Drain Disdain

12 Aug

This was going to be a product review. The drain in our bathroom was not clogged, but it was a little slow, like if you put both faucets on full blast the drain wouldn’t keep up and the sink would start to fill and then take a while to drain down. I decided I’d try some drain cleaner since I didn’t feel like trying to snake it out. I went to our local hardware store and was recommended a product that was supposed to work very well. Here’s the picture of it from when this was supposed to be a simple product review.

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It’s called FlowEasy drain opener and it’s supposed to be more gentle than something like Drano. It’s a buffered acid which supposedly means it’s not bad for the pipes, although the precautions they suggest you take to protect the sink sort of make me think it might not be that gentle after all.
The directions ask you to pour in a certain amount, a pint in this case, and then cover the drain and wait 15 minutes (but no longer) and then rinse with cold water for 5 minutes. As soon as I put the liquid in you could tell a reaction was occurring, it is activated by contact with water. They warned me it could smell pretty strong so I opened the window, turned on the exhaust fan and closed the door while I waited the 15 minutes. I went downstairs and you could actually feel the heat in the pipes from the action of the acid. When I rinsed it out it seemed like the water was flowing great, I cleaned up and cleaned the bathroom and I was pretty pleased.
The next morning, however, I ran the sink and it started to back up. It backed up to the point that it would not drain at all. I think what happened was that some of the gunk that was dissolved by the acid finally broke loose and piled upon itself to cause a clog. I hoped maybe a little plunger work would help but all it did was push loose crud around and I was also rewarded with water shooting out the overflow. Even when I tried to cover the overflow plunging still didn’t do the trick.

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It was time to get some tools out and try to find where the clog was and hopefully dislodge it. I got a shallow pan and a cup from the recycling bin and emptied all the water I could from the sink, then I took off the P-trap to see if that contained the clog. I did a pretty good job of containing the spillage, and there was some loose particles in the trap, but nothing major. the pipe was pretty clean. I then tried to remove the tail piece where it connects to the drain in the wall, which was a tough job, but finally with a pipe wrench and the assistance of a mallet I was able to break it loose. There was not visible clog at this point either so I went and got the snake, which is just coiled flat steel with a little hook on the end to try to catch hair and other debris that might cause a clog. The fear with a snake is that once it’s in the pipes the hook might actually hook onto something solid and you won’t be able to get it back. This was not a problem for me because I couldn’t even get the snake around the first bend. The drain goes into the wall and then quickly goes to T fitting, with one pipe going down for the drain and one above going straight up for the vent line. This is a straight T fitting and the snake just did not want to go around this corner no matter what I did. It was very tempting to try to use more chemicals to break down the remaining clog but I didn’t want to get dressed down by the person I knew I’d be calling if it didn’t work.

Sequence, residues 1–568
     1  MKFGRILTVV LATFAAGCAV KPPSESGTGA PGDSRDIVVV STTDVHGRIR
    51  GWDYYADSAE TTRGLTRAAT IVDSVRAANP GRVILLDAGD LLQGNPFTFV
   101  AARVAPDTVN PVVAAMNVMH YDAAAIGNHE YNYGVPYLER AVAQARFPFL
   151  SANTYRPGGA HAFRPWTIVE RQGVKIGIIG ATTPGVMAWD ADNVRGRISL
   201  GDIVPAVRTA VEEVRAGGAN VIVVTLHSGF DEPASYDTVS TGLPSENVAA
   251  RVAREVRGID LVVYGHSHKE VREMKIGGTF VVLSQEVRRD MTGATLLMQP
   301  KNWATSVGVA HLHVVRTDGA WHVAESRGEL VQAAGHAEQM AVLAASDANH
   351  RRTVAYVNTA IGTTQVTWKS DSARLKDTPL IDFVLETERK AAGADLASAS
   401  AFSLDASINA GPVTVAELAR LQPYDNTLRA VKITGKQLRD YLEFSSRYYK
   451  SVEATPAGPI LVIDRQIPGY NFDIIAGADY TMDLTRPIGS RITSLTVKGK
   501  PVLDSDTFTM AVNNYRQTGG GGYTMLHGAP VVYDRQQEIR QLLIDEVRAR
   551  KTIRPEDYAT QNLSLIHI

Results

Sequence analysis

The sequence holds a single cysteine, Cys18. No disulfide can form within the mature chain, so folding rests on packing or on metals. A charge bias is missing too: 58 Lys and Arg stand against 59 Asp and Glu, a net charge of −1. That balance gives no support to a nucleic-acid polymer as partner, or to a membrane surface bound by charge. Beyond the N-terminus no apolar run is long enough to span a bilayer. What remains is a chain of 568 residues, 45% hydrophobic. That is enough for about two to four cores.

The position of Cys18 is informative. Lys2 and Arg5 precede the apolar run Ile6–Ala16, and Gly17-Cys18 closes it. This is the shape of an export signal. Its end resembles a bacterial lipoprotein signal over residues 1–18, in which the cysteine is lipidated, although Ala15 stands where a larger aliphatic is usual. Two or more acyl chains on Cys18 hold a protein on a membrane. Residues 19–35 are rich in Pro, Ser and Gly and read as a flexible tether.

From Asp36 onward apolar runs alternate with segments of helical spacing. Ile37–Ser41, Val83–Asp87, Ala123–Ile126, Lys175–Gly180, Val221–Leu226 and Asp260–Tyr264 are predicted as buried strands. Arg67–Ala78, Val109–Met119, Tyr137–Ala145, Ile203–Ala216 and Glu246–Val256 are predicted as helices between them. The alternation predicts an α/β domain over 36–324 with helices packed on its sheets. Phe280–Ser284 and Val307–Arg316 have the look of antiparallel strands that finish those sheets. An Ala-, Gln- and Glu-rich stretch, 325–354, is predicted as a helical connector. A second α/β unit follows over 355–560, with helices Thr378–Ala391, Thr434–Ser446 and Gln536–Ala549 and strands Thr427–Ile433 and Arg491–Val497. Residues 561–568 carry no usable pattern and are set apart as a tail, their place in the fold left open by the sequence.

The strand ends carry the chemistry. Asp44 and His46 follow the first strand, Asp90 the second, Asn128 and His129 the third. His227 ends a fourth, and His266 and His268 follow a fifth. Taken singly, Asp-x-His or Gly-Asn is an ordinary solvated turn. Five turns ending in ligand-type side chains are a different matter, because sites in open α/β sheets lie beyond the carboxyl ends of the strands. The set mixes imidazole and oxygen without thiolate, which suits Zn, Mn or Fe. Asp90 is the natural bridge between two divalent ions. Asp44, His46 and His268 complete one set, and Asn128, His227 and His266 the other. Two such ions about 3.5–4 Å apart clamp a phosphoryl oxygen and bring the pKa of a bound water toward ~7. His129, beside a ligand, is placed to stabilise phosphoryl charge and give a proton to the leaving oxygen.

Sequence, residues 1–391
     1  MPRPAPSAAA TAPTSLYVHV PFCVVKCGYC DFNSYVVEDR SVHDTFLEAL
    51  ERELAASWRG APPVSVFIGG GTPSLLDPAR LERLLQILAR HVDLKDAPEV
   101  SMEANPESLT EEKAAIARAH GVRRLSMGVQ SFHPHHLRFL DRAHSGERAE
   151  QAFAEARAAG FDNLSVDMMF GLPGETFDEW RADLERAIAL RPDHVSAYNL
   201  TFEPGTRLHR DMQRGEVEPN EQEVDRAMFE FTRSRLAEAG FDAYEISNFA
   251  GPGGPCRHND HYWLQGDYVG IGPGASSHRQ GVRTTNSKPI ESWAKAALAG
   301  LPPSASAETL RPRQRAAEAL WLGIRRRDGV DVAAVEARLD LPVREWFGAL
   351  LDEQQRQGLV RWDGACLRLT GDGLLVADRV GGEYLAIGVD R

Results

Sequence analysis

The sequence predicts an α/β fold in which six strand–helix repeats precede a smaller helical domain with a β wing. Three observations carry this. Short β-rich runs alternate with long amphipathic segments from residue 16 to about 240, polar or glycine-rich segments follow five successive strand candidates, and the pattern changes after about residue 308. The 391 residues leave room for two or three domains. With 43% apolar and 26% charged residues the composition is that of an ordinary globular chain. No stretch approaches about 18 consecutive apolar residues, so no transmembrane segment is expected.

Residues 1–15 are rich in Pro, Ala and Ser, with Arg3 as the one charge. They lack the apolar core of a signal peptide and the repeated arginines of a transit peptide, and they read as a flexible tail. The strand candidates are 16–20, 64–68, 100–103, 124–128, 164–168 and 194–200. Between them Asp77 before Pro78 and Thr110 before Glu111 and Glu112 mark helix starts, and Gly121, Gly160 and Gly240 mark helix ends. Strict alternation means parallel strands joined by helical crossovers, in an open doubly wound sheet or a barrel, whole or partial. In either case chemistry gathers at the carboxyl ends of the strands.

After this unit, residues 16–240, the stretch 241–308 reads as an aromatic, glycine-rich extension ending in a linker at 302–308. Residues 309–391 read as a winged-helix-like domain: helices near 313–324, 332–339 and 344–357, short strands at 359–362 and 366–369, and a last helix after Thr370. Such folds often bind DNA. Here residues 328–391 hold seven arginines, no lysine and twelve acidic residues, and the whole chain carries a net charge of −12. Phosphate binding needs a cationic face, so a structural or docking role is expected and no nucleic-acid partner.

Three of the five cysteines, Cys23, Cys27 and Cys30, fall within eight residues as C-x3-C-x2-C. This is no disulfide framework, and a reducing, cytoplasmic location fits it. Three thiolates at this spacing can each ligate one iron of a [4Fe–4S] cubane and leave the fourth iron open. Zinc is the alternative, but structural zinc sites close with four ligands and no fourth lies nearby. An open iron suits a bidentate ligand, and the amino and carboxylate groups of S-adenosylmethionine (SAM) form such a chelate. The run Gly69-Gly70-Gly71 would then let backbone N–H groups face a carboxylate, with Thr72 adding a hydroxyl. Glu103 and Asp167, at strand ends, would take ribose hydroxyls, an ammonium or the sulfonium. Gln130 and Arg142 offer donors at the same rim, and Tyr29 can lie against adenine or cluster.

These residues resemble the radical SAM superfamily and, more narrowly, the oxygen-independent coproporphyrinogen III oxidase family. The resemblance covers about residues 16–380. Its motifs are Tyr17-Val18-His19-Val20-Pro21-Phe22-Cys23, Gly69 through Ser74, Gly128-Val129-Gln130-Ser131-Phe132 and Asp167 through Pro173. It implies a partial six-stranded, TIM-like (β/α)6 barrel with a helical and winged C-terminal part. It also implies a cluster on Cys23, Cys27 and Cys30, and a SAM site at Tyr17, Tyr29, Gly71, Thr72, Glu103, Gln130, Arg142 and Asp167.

So, I skipped that step and some aggravation and went straight to the calling an expert step. It’s a tough thing for a person like me to have to do, to admit that I couldn’t do something that seems to be within my capabilities. But, I really didn’t feel like re-builidng the entire drain system for the house, and I have a feeling Corinne might not be too pleased to be showering at the gym while I tried to figure out how to do so. I’m sure I could do it if I really wanted to, but it would probably be time consuming and messy, and I had already spent too much time monkeying around under the sink. When I talked to Deegan, the plumbers that installed our new heating system, they said they could send somebody by later that day. When he showed up he obviously was a little concerned with what I had put down the drain, but he actually seemed to condone my do it yourself effort, and gave me credit for at least trying. He brought in the power snake, which is a little more sophisticated, and work off a drill motor powered coiled snake, which is a lot more flexible than the solid spring steel.

This machine spins around to try to scrape the walls of the pipes and dig in to clogs and drive them out. Even with the big machine he still had to fight the hard turns in the pipe. He did pull out a very old toothpaste cap, which probably was helping to create a dam. After a while of trying he wasn’t sure he had gotten it but he was a hitting a point where the snake would not go any farther in so he decided to try re-assembling the drain and running some water to try it out. It flowed nicely and we even ran the tub and flushed the toilet to make sure the clog hadn’t relocated itself. It wasn’t exactly cheap to have this service performed, which is why I tried to avoid it in the first place, but the plumber did say that at least I should be reassured by the fact that even he had trouble with the big machine.

A few days later our drain still seems to be in working order so hopefully that should be it as long as we can avoid dropping caps down the drain!

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